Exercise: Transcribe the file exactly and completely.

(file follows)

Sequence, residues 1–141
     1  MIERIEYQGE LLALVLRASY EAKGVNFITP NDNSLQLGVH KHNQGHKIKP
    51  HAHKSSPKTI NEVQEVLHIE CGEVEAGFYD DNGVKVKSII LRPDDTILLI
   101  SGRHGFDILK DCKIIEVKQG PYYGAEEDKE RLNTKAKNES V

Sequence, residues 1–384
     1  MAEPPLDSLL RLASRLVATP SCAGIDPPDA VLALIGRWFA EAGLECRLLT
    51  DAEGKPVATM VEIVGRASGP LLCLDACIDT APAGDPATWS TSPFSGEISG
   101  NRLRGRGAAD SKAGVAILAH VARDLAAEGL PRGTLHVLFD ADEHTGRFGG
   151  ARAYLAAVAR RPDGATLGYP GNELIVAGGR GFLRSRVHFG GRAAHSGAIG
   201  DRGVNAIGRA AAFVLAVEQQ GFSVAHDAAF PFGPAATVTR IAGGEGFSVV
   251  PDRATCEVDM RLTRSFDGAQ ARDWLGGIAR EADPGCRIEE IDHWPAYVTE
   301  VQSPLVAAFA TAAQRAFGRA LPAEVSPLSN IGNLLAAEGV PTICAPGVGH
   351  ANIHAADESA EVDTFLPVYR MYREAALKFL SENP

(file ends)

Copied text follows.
Sequence, residues 1–141
     1  MIERIEYQGE LLALVLRASY EAKGVNFITP NDNSLQLGVH KHNQGHKIKP
    51  HAHKSSPKTI NEVQEVLHIE CGEVEAGFYD DNGVKVKSII LRPDDTILLI
   101  SGRHGFDILK DCKIIEVKQG PYYGAEEDKE RLNTKAKNES V

Sequence, residues 1–384
     1  MAEPPLDSLL RLASRLVATP SCAGIDPPDA VLALIGRWFA EAGLECRLLT
    51  DAEGKPVATM VEIVGRASGP LLCLDACIDT APAGDPATWS TSPFSGEISG
   101  NRLRGRGAAD SKAGVAILAH VARDLAAEGL PRGTLHVLFD ADEHTGRFGG
   151  ARAYLAAVAR RPDGATLGYP GNELIVAGGR GFLRSRVHFG GRAAHSGAIG
   201  DRGVNAIGRA AAFVLAVEQQ GFSVAHDAAF PFGPAATVTR IAGGEGFSVV
   251  PDRATCEVDM RLTRSFDGAQ ARDWLGGIAR EADPGCRIEE IDHWPAYVTE
   301  VQSPLVAAFA TAAQRAFGRA LPAEVSPLSN IGNLLAAEGV PTICAPGVGH
   351  ANIHAADESA EVDTFLPVYR MYREAALKFL SENP